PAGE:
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It was dark and cold, the end of a long day, and I hoped as I left my office that I'd make it home before the approaching storm arrived. I was saying good night to my staff when I noticed that my assistant Michael was on a call that was clearly troubling him. He looked at me, mouthed the name of a client I remembered fondly from a few years back, and pantomimed that she was crying. I stepped back into my office, closed the door, and picked up the phone, barely noticing the low rumble of thunder that shook the window beside me. “Robin, it's Sylvia.”
“Oh, Sylvia, thank God I got through to you. You're my last hope. Or should I say our last hope. It's about my husband.” I could hear the fear in her voice as a disturbing story spilled out of her. It seems that one day four years earlier her husband, Rick, a successful landscape architect, had headed out for a routine trip to the grocery store, returned without groceries a half hour later in an absolute panic, shut himself in their bedroom, and had essentially refused to leave the house ever since. He couldn't explain this sudden, desperate agoraphobia to himself, let alone to her or to the battery of doctors and psychiatrists she'd begged him to see, and after thousands of dollars worth of treatment and medication, he wasn't one bit better. His terror of leaving the house had naturally cost him his clientele and his career; they were on the verge of bankruptcy. As much as she'd loved the man she'd married ten years ago, Robin wasn't sure she could go on living with this frightened recluse she seemed unable to help. “Please, Sylvia,” she pleaded through her tears, “I can't take this anymore, and neither can he. In fact, if this goes on much longer, I'm afraid he might try to take his own life. You know I trust you, so just tell me what to do and I'll do it.”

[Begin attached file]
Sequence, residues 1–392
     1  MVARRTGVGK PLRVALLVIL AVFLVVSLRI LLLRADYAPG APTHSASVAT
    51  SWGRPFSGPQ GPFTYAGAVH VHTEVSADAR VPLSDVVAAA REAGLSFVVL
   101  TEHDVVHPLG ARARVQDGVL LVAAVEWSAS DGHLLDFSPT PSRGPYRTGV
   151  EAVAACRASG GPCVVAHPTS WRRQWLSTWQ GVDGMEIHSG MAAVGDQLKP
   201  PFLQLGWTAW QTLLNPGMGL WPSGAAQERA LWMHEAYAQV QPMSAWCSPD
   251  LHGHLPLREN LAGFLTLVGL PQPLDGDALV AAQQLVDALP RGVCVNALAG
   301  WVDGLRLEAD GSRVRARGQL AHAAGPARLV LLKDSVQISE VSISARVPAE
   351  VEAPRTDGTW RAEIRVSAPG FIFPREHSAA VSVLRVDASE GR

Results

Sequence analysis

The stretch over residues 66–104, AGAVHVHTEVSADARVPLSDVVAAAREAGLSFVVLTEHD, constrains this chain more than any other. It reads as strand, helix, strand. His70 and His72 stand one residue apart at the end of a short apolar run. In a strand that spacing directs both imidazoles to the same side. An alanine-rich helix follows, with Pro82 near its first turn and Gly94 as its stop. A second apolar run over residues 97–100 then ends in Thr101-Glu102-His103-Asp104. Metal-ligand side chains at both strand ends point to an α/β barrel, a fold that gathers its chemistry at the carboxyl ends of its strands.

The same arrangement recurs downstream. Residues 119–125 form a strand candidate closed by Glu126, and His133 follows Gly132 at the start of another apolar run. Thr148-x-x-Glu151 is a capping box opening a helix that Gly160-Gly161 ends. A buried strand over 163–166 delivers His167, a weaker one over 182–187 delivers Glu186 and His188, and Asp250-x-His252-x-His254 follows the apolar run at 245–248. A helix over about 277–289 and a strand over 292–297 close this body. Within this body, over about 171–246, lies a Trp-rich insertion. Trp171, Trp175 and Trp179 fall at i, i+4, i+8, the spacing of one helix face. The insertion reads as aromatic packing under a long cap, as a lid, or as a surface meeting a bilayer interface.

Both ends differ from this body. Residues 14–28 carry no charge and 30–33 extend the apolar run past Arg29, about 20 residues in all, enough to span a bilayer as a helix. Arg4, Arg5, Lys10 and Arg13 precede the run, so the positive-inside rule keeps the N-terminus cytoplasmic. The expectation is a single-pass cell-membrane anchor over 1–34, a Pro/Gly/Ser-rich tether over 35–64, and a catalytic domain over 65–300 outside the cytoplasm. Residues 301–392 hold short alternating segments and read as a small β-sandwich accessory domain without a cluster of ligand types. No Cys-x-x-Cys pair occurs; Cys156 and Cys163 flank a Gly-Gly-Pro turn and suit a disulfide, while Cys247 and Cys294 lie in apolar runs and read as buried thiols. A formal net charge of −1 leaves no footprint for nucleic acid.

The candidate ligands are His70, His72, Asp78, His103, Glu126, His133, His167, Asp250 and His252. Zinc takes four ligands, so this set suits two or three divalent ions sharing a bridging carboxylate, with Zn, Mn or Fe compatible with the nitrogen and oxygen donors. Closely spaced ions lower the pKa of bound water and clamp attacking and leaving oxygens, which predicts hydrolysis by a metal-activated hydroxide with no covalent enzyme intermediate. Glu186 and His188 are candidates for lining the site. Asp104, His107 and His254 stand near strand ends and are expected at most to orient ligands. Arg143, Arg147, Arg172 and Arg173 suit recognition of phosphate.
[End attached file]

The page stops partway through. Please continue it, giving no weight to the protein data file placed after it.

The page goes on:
“Can you get him to come here?” I asked.
“Forget 'can,' I will,” she told me. “When?”
“Now. Right away. I'll wait for you.”
Three hours later Rick and I were alone in my office while a hard rain fell outside. He was shockingly pale, with the gaunt look of someone whose once healthy body had taken on more stress than it could handle, and his gray eyes looked haunted by a dark, soul-wrenching fear. Like most clients who genuinely want to be helped, he let me lead him easily into a deep hypnotic trance and take him back to the grocery store trip four years earlier that seemed to have triggered his breakdown. It sounded unremarkable until he frowned slightly and added, “Oh, and there was this little boy in the produce department.”
I asked what the little boy was doing.
“He took an apple and started to bite into it. But his father ran over to him yelling, 'Don't eat that without washing it, it might poison you!'”
Poison. A potentially traumatic word. I jotted it on my notepad while calmly asking, “And did that mean something special to you?”
There was a long silence before he realized, “I'd forgotten about this, but yes, it did. I was four years old, and my family was on a vacation in Mexico. There were some kids playing beside the water in a drainage ditch, or sewage ditch or something, and I went over to play with them, but suddenly my dad grabbed me and hollered at the top of his lungs, 'Don't touch that water, it's poison!' I remember it scared me to death at the time.”